Vincent Gallo, the American actor and director best known for the films “Buffalo ’66” and “The Brown Bunny,” is suing Facebook Inc. for allowing an impersonator account to remain on its site.

The dispute comes as Facebook faces inquiries from some U.S. Senators and conservative leaders over allegations of bias in the way the social network curates its news.

Ever since “The Brown Bunny” attracted media attention for its explicit scenes, Gallo has gone to great lengths to protect the private aspects of his life, he claimed in a May 16 complaint.  As such, Gallo said he has never had a Facebook page. 

But a Facebook page for Gallo exists.  According to the complaint, the anonymous creator has been using the page to impersonate Gallo, interact with his real-life friends and initiate sexual conversations with women.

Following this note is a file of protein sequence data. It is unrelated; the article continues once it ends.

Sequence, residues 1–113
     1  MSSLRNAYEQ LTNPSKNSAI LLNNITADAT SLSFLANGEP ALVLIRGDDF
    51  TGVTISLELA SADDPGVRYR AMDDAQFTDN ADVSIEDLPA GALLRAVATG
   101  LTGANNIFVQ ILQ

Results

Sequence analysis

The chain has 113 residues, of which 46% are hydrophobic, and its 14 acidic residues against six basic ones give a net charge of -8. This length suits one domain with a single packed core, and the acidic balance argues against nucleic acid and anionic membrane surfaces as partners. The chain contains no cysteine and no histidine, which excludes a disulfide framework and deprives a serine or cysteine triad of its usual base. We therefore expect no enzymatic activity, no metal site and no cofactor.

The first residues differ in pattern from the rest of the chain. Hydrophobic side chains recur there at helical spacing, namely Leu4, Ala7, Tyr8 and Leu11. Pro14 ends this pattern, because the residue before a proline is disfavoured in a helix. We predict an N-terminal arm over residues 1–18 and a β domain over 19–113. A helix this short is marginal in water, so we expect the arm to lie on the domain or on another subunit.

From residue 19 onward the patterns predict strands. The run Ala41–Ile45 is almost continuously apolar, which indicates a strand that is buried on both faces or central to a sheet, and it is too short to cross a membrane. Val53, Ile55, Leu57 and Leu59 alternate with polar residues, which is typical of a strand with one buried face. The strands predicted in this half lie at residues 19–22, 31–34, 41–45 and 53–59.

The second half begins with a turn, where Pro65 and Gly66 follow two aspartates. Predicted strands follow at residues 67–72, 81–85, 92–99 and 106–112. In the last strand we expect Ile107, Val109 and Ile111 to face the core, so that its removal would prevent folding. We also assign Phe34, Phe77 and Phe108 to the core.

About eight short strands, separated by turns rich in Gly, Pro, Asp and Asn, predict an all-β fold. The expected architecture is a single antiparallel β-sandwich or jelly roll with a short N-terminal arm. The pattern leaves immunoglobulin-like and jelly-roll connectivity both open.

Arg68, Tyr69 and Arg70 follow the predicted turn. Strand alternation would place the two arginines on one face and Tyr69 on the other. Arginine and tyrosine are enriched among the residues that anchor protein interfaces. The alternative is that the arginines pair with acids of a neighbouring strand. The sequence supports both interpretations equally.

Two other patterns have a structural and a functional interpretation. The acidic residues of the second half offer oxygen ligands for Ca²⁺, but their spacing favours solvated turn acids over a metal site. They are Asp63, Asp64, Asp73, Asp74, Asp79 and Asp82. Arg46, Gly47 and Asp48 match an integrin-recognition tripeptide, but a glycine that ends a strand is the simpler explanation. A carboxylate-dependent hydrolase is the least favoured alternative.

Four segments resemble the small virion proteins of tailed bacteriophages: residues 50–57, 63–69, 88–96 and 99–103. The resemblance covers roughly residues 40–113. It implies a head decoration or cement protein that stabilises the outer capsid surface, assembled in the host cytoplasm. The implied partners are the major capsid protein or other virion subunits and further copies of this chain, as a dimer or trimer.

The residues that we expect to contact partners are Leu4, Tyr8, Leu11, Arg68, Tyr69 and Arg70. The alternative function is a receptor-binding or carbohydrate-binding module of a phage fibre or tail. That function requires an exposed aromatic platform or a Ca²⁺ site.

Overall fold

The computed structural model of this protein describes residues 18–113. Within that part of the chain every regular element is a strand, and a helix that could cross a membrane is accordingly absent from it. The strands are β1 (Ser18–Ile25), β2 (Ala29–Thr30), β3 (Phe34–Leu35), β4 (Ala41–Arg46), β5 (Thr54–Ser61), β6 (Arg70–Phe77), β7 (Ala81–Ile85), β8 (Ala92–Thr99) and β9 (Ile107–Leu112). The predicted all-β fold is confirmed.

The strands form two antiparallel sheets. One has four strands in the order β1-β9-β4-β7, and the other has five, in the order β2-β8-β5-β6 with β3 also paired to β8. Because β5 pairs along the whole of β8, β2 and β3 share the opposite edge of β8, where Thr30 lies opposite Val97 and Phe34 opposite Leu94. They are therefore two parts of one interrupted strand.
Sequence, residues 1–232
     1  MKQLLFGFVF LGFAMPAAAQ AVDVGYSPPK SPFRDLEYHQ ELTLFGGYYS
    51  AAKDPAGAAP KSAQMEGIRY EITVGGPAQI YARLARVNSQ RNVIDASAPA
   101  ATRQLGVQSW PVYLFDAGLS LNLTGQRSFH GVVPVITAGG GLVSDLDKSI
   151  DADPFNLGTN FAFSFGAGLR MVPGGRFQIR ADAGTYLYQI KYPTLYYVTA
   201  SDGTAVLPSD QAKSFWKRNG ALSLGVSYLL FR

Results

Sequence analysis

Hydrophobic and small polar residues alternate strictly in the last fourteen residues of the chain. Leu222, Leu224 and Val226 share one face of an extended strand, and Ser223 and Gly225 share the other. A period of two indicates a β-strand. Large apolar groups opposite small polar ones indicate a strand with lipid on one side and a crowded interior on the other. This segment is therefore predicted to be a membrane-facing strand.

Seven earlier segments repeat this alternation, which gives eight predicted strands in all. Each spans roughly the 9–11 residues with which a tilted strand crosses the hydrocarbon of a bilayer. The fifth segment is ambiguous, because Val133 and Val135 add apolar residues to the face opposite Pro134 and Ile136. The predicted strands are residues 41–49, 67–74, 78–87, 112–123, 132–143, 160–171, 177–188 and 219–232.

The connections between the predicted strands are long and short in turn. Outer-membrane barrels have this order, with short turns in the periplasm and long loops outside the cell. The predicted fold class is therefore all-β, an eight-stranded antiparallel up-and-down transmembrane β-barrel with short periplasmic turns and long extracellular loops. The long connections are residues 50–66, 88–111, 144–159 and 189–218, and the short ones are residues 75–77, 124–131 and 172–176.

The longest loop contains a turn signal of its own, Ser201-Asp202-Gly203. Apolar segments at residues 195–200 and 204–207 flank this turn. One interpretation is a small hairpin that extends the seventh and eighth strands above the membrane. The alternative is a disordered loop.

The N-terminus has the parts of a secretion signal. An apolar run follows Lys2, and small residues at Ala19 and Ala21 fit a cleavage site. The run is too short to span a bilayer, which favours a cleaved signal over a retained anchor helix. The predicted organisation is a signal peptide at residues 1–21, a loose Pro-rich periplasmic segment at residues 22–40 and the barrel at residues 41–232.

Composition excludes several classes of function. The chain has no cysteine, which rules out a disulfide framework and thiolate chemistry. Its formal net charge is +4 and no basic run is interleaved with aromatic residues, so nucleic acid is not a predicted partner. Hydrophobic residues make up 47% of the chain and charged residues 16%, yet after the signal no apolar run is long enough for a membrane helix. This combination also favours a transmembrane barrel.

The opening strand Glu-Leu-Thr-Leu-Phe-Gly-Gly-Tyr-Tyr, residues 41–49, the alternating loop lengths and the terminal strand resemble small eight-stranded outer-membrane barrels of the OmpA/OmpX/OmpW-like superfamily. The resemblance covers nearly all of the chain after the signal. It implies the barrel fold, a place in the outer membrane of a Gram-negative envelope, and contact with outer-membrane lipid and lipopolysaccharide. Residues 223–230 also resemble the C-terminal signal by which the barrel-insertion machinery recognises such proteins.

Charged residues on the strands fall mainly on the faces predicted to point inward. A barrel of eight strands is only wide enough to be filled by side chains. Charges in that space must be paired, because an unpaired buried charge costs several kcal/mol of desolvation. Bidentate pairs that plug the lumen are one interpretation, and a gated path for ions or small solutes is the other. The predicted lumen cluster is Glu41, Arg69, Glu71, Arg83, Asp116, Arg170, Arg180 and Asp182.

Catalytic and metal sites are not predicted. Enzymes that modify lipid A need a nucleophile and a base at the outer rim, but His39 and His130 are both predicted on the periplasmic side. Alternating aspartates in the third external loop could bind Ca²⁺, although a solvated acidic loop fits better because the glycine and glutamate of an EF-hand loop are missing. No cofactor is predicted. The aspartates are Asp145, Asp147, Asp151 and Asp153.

Gallo said Facebook has ignored multiple requests to remove the page.  By refusing to accommodate his requests, Facebook intended to—and did— cause him emotional distress, Gallo argued.

Gallo is trying to hold Facebook liable under federal trademark law, specifically Section 43 of the Lanham Act, 15 U.S.C. 1125, and California’s unfair competition law, for knowingly causing a likelihood of confusion as to the account’s source.

He is seeking punitive damages and a court order banning Facebook from continuing to allow the fake account to exist and, on behalf of all Facebook users in similar circumstances, profiting from impersonator accounts and ignoring takedown requests.

For Facebook, the issue is whether to pull down the Gallo impersonator page. Or dig in for a fight.


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